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Re: URI Comparisons: RFC 2616 vs. RDF

From: Kingsley Idehen <kidehen@openlinksw.com>
Date: Mon, 17 Jan 2011 17:32:20 -0500
Message-ID: <4D34C374.8060803@openlinksw.com>
To: Nuno Bettencourt <nuno.bett@gmail.com>
CC: public-lod@w3.org
On 1/17/11 4:54 PM, Nuno Bettencourt wrote:
> Hi,
>
> thank you for the suggestion. This had been a problem before, which in fact becomes easier to solve like that.
>
> In my current situation, we were dealing with public/private/protected resources (files), secured by https.
>
> So, if a person/agent has a private/protected resource (file) (that only shares with some specific individuals and is only accessible using https protocol) it would be hosted under https://server/abc.html.
>
> For this, I would have for example, the following triple:
>
> 1) http://server/#me dc:publisher https://server/abc.html
>
> Nevertheless, if afterwards I publically publish that resource (file), for technical reasons that same resource (file) would be given a new URI http://server/abc.html so that it would not require authentication and a new triple would be created (for terms of simplicity I'm omitting other triples that are generated):
>
> 2) http://server/#me dc:publisher http://server/abc.html
>
> In fact, both those resources (files) are the same, mapped for the same physical file but while the first required SSL credentials, the second does not.
>
> In order for those users who before had access to the private resource, to keep accessing the resource, since it is now public (but has been moved from protected), I would had a triple in order for the semantic system to be able to retrieve the same resource, since it is no longer available under its original location.
>
> 3) https://server/abc.html owl:sameAs http://server/abc.html

But at this point your context has changed, you are now make an 
assertion in a deductive data space. Basically, a record that is also a 
proposition re. RDF (or any other) deductive system. Again, the moment 
you make a triple, you are making a propositional statement. And the 
moment you do that, in the context of HTTP based Linked Data, it has to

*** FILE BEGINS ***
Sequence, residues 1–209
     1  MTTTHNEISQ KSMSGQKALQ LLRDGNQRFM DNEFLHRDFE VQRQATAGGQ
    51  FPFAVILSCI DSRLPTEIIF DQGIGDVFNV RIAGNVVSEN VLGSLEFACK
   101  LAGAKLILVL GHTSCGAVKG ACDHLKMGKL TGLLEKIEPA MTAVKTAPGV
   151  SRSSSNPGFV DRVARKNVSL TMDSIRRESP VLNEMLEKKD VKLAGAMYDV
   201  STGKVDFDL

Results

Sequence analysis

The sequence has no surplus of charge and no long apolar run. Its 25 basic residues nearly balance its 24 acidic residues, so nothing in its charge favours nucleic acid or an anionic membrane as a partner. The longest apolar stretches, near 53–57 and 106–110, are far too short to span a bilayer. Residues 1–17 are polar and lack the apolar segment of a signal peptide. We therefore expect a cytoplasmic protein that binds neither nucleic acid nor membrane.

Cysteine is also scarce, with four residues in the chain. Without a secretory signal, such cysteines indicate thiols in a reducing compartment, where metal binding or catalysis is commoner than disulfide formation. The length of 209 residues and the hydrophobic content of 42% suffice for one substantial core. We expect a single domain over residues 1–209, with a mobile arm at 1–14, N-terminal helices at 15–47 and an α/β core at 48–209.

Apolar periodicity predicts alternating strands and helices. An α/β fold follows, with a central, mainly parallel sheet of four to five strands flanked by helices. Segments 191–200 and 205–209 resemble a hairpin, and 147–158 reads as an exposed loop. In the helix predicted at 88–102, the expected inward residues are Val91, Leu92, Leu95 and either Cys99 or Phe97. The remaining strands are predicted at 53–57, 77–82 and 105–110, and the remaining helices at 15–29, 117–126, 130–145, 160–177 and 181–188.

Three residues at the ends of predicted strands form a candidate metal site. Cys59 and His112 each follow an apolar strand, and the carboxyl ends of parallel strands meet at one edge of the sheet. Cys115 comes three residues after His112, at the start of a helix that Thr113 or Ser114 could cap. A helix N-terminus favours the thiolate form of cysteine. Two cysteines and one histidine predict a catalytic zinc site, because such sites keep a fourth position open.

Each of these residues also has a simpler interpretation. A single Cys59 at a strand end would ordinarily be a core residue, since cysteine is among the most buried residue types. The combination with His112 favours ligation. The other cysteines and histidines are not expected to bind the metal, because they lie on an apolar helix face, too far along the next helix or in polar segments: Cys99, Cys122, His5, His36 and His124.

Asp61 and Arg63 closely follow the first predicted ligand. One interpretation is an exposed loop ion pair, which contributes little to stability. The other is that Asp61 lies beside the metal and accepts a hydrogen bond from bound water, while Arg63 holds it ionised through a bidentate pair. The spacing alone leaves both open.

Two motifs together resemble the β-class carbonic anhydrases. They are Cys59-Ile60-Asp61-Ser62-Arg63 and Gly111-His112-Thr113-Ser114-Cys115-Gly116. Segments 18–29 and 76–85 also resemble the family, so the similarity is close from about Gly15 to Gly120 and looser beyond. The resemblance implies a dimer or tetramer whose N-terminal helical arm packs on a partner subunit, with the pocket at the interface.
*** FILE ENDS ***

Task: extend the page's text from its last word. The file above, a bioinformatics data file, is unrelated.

be something like this:

https://server/abc.html#this owl:sameAs http://server/abc.html#this .

If you don't care about Linked Data via HTTP user agents following links etc. ; meaning you're happy with a local graph of propositions that is SPARQL queryable, for instance, then this works too:

https://server/abc.html owl:sameAs http://server/abc.html .

> This unfortunately leads to a minimal and probably unrealistic problem like an open URI https://server/abc.html that might not have any content, since there's no need for it as it has become public and no authentication is needed for accessing it - but it is necessary to keep that triple 1) alive  as others might be consuming that information. Triple 3) helps those in finding the resource again.
>
> One and more rich possible solution might be implementing time reasoning mechanisms over this, in order to eliminate those 'fake' URIs, but that would grow the triple store and make reasoning even more time consuming (for now).
>

No need for fake URIs (I guess you might think the #this above == fake), 
it's just comes down to Name References and the need for them to resolve 
to something useful, which may or may not be useful (e.g. navigable) to 
an HTTP agent, or deliver factual basis for inference by a deduction 
oriented engine (logic reasoner).

I hope this helps.


Kingsley

> Nuno
>
>> -----Original Message-----
>> From: Nathan [mailto:nathan@webr3.org]
>> Sent: segunda-feira, 17 de Janeiro de 2011 18:06
>> To: Nuno Bettencourt
>> Cc: public-lod@w3.org
>> Subject: Re: URI Comparisons: RFC 2616 vs. RDF
>>
>> Nuno Bettencourt wrote:
>>> Hi,
>>>
>>> The doubt just kept on because in all protocols we were still referring to
>> the same URN.
>>
>> do you mean that there were RDF statements which linked each of the
>> protocol specific URIs to a single URN via the same property? eg:
>>
>>     <http://...>  x:foo<urn:here>
>>     <https://...>  x:foo<urn:here>
>>     <ftp://...>  x:foo<urn:here>
>>
>> If so, then you could define the property (x:foo above) as an Inverse
>> Functional Property which would take care of the sameness for you.
>>
>> Best,
>>
>> Nathan
>
>


-- 

Regards,

Kingsley Idehen	
President&  CEO
OpenLink Software
Web: http://www.openlinksw.com
Weblog: http://www.openlinksw.com/blog/~kidehen
Twitter/Identi.ca: kidehen
Received on Monday, 17 January 2011 22:32:49 UTC

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